February 5, 2004
The write-up on the 2004 Women's Nationals held last weekend is extensive. At almost 3,000 words, it doesn't do justice or adequately recognize the lifters who were present. To say that Women's Nationals is one of the very best meets in the world is probably an understatement. This meet exemplifies why people come to powerlifting, and probably more important, why the come back year after year. It is the sense of family and the support that the lifters give each other. I just got off the phone with Ruth Welding, who is the Master's National Champion, and inducted into the USAPL Women's Hall of Fame. She remarked on the fact that coaches were helping lifters who were competing against their athlete, lifters were loading weights for each other, and that after the competition, lifters and coaches gathered to congratulate each other. THAT is why this is a great sport, and it reminds us again why we do this.
In this issue, we highlight the inaugural Women's Hall of Fame inductees. They were presented in Omaha, and will have their own page on the USAPL website. Without these fine people, powerlifting, and not just women's powerlifting would not be what it is today. They deserve your respect and gratitude. If you see them at a meet, go up and thank them. Without them, we wouldn't be here.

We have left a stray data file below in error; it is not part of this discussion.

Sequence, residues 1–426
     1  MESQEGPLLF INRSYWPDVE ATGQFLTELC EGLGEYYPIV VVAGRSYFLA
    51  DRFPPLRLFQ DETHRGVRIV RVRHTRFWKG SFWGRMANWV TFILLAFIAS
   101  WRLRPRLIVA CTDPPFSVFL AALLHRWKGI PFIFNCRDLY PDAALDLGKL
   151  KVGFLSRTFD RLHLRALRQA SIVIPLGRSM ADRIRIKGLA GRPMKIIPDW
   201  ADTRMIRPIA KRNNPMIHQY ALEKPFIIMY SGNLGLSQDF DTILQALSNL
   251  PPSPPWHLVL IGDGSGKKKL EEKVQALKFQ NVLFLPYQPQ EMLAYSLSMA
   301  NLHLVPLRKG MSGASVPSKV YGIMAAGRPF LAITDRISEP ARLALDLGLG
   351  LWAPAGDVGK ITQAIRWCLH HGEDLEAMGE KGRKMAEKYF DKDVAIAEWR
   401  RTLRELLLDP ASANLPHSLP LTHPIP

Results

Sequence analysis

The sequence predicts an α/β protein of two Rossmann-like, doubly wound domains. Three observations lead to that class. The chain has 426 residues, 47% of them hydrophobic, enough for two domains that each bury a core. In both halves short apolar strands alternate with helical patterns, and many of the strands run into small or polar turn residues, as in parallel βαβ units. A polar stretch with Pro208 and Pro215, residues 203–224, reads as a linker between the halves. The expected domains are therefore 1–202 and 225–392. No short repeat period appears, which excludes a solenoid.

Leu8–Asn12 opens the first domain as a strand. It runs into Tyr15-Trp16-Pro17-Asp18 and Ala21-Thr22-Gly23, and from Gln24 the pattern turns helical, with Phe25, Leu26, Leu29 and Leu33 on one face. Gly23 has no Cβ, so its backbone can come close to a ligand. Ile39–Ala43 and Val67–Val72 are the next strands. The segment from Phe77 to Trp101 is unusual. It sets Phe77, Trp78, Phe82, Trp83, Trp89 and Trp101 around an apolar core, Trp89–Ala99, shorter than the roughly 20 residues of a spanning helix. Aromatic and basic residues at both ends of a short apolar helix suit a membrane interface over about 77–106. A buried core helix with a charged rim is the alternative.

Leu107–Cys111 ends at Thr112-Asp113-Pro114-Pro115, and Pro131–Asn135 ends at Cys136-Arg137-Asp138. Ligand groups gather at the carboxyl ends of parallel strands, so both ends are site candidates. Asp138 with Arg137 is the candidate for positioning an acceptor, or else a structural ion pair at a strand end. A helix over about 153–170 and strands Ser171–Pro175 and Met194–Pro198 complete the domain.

Just a short recap of our drug testing this year: we did just under 780 tests in 2003 (I can't recall the exact number right this moment), and 57 Out of Meet tests. In the coming year, we will continue to expand OMT's by mandating that all competitors in international competition receive a test at a time of our choosing. Each lifter will have to remit the funds to pay for the test which will be scheduled by the Drug Testing Committee and/or the OMT Project Team. Look for our OMT numbers to go to in the neighborhood of 150, or more this year. In this way, we can assure that our best athletes are drug free, in meets and out. That is not to say that we will limit our OMT pool to only international competitors. We won't. If you compete in USAPL, you will be eligible for testing, in meet and out. That represents what we stand for.
Over the next year, my goal for us is to return to the "kinder, gentler" organization that we have had in the past, to open our doors to everyone who is willing to follow our rules, and to encourage everyone, USAPL or not to their best performances. I would also like to see us continue to increase our presence in the media, and not just the powerlifting media. The more exposure powerlifting gets, the better off we are and the more likely people are to want to try lifting. A great example of this was the CNN and National Public Radio coverage of the performance of Washington State Supreme Court Justice Faith Ireland, who participated (and won) at Women's Nationals. Not only was her story on the syndicated news services, but was replayed locally as well. That is what we need. And let's keep getting stronger.